San Diego science: how genomics is addressing the global pandemic

San Diego is ranked the among the top genomics markets in the nation, and we have world leaders in next-generation sequencing (NGS) in our backyard. With access to genomic experts and innovative companies who are paving the way for the future of medicine, our region has become a hotspot for transformative life-changing science.

On June 23, San Diego: Life. Changing., EDC’s talent attraction campaign, hosted a panel with scientists who are studying modern genomics to address COVID-19. This panel, titled “San Diego Science & the Global Pandemic: Genomics”, was the second event in a series of virtual panels. We made sure this panel was attractive to everyone, meaning whether you have a PhD or you are a freshman-year-biology-class drop out, the expert panelists broke down the science into layman’s terms to tell the attendees what they need to know about the future of precision medicine and COVID-19.

The panel was moderated by Kathy Lynch, Vice President, Global Government Affairs & Public Policy for Illumina, who plays a critical role in connecting San Diego science with global markets. She moderated a fascinating panel with two distinguished (and very local) scientists.

The first panelist, Gary P. Schroth, Ph.D., Vice President and Distinguished Scientist at Illumina, uses next-generation sequencing (NGS) to study genomics, gene structure, expression and regulation and applies this to projects in the fields of cancer, immunology, microbiology and infectious disease. Over the course of his career Dr. Schroth has been an author on more than 95 peer reviewed research papers and holds 19 U.S. patents.

The second panelist, Dr. James Lu, M.D., Ph.D. is the Co-founder & Chief Science Officer at Helix. Dr. Lu is responsible for the scientific teams which includes bioinformatics, laboratory operations, regulatory, quality, translational research and policy teams.

The panelists wasted no time before delving into the panel, always being cognizant that the majority of their audience did not have a science background. The topics included an overview of NGS, the history of COVID-19, how COVID-19 strains differ from one another and how the strains evolve and travel differently, testing capabilities for the region, as well as other related issues.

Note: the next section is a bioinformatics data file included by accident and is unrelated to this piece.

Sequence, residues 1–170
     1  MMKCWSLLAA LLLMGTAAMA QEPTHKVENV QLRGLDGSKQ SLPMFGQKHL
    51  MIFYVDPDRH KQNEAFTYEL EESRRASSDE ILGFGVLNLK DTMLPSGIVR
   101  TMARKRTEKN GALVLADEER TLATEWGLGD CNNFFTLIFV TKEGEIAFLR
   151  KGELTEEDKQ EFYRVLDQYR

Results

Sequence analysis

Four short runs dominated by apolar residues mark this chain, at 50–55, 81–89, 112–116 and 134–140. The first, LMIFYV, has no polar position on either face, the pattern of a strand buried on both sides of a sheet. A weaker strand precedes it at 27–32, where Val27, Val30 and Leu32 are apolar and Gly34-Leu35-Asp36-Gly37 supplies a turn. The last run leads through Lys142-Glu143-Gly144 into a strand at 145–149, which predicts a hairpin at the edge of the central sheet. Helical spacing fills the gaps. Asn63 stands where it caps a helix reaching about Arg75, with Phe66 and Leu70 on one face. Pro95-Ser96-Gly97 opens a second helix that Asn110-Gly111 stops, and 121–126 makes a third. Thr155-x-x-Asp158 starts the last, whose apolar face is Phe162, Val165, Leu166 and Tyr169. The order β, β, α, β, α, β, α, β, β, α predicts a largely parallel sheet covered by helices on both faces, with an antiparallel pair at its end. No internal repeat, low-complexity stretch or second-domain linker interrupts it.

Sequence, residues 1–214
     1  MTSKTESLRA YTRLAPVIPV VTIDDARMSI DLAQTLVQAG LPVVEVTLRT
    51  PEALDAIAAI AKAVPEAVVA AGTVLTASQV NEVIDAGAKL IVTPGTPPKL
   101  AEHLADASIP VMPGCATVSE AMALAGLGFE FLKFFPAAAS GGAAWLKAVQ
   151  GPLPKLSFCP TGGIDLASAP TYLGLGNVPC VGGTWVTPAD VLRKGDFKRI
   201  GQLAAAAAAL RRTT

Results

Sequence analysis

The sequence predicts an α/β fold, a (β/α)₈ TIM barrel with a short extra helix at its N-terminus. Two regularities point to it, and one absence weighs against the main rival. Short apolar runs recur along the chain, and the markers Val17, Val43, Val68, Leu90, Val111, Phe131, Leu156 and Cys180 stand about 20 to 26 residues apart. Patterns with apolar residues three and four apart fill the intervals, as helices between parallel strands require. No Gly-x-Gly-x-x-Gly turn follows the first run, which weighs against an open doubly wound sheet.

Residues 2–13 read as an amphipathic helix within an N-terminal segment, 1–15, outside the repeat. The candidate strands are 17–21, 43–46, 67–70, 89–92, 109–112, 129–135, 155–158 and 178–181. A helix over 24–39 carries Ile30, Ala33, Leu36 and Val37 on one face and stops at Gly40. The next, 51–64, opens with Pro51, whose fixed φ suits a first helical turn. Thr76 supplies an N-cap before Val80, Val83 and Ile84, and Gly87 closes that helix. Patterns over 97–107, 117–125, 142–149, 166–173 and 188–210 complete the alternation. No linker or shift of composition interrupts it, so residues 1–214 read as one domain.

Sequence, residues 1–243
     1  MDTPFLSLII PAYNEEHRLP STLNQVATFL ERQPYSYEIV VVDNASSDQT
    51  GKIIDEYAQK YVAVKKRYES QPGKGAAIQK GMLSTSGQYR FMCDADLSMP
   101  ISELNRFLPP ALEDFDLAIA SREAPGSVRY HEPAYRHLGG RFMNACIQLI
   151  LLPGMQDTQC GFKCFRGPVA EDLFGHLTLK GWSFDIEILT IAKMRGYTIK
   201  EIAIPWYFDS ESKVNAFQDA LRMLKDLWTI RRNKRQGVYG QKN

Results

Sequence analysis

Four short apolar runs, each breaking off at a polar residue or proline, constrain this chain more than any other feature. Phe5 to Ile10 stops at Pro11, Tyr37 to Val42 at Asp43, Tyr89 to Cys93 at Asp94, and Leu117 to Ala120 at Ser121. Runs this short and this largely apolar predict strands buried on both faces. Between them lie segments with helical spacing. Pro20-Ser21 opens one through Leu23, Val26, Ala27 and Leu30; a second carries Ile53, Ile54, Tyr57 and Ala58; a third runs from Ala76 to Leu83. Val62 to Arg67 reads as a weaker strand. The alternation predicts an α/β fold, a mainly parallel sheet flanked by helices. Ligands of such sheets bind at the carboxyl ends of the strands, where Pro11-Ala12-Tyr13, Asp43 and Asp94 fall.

Through the panel, it was clear that location in the San Diego region is a top choice for genomics companies and talent. Illumina was founded here 22 years ago and the region has essentially been the heart of genomics renaissance. Many well-established companies are here, as well as tons of startups. The company density paired with the talent pool from local colleges, makes this area a hotbed of genomic activity. There is an immense amount of opportunity that breeds exceptional employees and competitive hiring practices, forcing companies to constantly up their game. 20 years ago if you were a molecular biologist, you wouldn’t have thought of San Diego as a place to start or grow your career – now, the area is at the top of your list.

As this work is all-consuming, during all hours of the day for the last six months, Dr. Gary Schroth joked that he “couldn’t remember what he used to work on” before COVID. This panel made it very clear that the genomics industry in San Diego is at the forefront of COVID research. San Diego is a hotbed of activity and a great place to start or grow your career in life science.

 

 

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Four SD companies on the forefront of the coronavirus battle

With a research institution named after the inventor of the polio vaccine, and the region’s contributions to fighting global health crises such as Ebola and HIV, San Diego has developed a reputation for bringing life-changing treatments to the world.

As the coronavirus progresses to a global pandemic, the life sciences industry, governments and NGOs are racing to bring treatments and tests to scale.

Here are four San Diego companies at the forefront of bringing COVID-19 solutions to market:

  1. Arcturus Therapeutics – One significant challenge with manufacturing vaccines is the size of the dose needed to inoculate a patient. Leveraging self-replicating RNA technology, Arcturus says it can inject smaller doses because it creates an antigen that continues to replicate in the body. If successful, this may also mean goodbye to booster shots. The La Jolla-based company is now identifying partnerships to bring the vaccine to market. 
  2. Inovio Pharmaceuticals – This company is already sprinting ahead in its quest to deliver a DNA-based vaccine. Inovio has racked up a combined $14 million in grants between the Coalition for Epidemic Preparedness Innovations and the Bill & Melinda Gates Foundation. Inovio’s core research lab is based out of San Diego.
  3. Mesa Biotech– As COVID-19 spreads, people are clamoring to get rapid diagnostic information. San Diego-based Mesa Biotech is undergoing clinical trials in China, where individuals will be able to get lab-quality test results in approximately 30 minutes.
  4. Thermo Fisher Scientific – Leave it to the world’s largest manufacturer of laboratory equipment to develop a testing solution. With the FDA’s approval, Thermo Fisher will produce a test kit that can diagnose within four hours, with the potential to diagnose as many as 5 million people in a week. Thermo Fisher says all 75,000 global employees have been involved in its COVID-19 response, which includes employees in its Carlsbad operation. 

We know there are additional San Diego companies out there, and we willcontinue to elevate this conversation in the weeks ahead.

In the meantime, we have put together this page with guidance and resources to help San Diego businesses navigate these unprecedented times.

If you are a San Diego business and we can help in any way, please contact us

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